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Re: Zero does not equal Zero

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  • Subject: [mg31368] Re: [mg31360] Zero does not equal Zero
  • From: Otto Linsuain <linsuain at>
  • Date: Wed, 31 Oct 2001 03:30:59 -0500 (EST)
  • Sender: owner-wri-mathgroup at

I could not reproduce your error, here is my output from Mathematica 4


\!\({5.89999999999999999999999999999902278223326`30*^-450, False}\)

I pasted this from a Mathematica notebook. A very curious point is that,
in the notebook, the output looked like:

{5.90000000000000000000000000000000000000 x 10^-450, False}

but it changed upon "mousing" it !!

But still, I haven't been able to reproduce a situation where x-y prints
0. x 10^some power and x-y==0 prints False. Also, we have to reckon with
the fact that the output of x-y depends on printing options, besides

Well, that is my grain of sand. Otto Linsuain.

 On Tue, 30 Oct 2001, Ersek, Ted R wrote:

> Hello Group,
> It seems people didn't fully grasp the inconsistency that I pointed to in my
> earlier message with the same subject.  I came across this problem when I
> tried to make my RootSearch package (recent MathSource addition) capable of
> finding roots to a an arbitrary precision.  To allow that I had to make a
> function similar to Ulp[x] in the NumericalMath`Microscope` package.  Among
> other things my version of Ulp can work with arbitrary precision numbers.
> Unfortunately I can't make RootSearch work as well as I would like because
> of the problem I demonstrate below.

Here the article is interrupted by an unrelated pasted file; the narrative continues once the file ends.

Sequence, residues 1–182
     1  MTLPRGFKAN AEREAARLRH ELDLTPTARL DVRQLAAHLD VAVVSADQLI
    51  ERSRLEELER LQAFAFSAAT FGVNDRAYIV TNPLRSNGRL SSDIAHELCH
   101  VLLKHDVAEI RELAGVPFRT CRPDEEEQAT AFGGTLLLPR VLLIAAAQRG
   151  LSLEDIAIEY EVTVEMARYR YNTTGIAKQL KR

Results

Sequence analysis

> First consider the next line which demonstrates that a StandardForm output
> such as (0.  x 10^-20) represents an arbitrary precision number that is more
> or less zero.
> In[1]:=
>    x=Exp[ N[Pi/3, 20] ];
>    x-x
> Out[1]=
>    0. x 10^-20
> Now suppose we want to find the arbitrary precision number that is slightly
> larger than x, but as close as possible to x and still a different number.
> What do I mean when I say "a different number"?  Well if x and y are
> different numbers their difference should not be zero.  In the first case
> below I view x and y as essentially the same number.
> In[2]:=
>    y=x+SetPrecision[5.96*^-20, 30];
>    {y-x, y-x==0}
> Out[4]=
>    {0. x 10^-20, True}
> What about the next case.  Here the StandardForm of (x-y) looks like zero,
> but (x-y==0) returns False.  Are x and y "different numbers"?  Why does
> (x-y) return False in the next line, but True in the slightly different case
> above?  I think when comparing numeric values (x-y==0) should return True
> IF AND ONLY IF  the StandardForm of (x-y) is zero.  When I say "is zero",
> that includes (0. x 10^-20) and similar output.
> In[5]:=
>    y=x+SetPrecision[5.97*^-20, 30];
>    {y-x, y-x==0}
> Out[6]
>    {0. x 10^-20, False}
> --------
> Regards,
>   Ted Ersek

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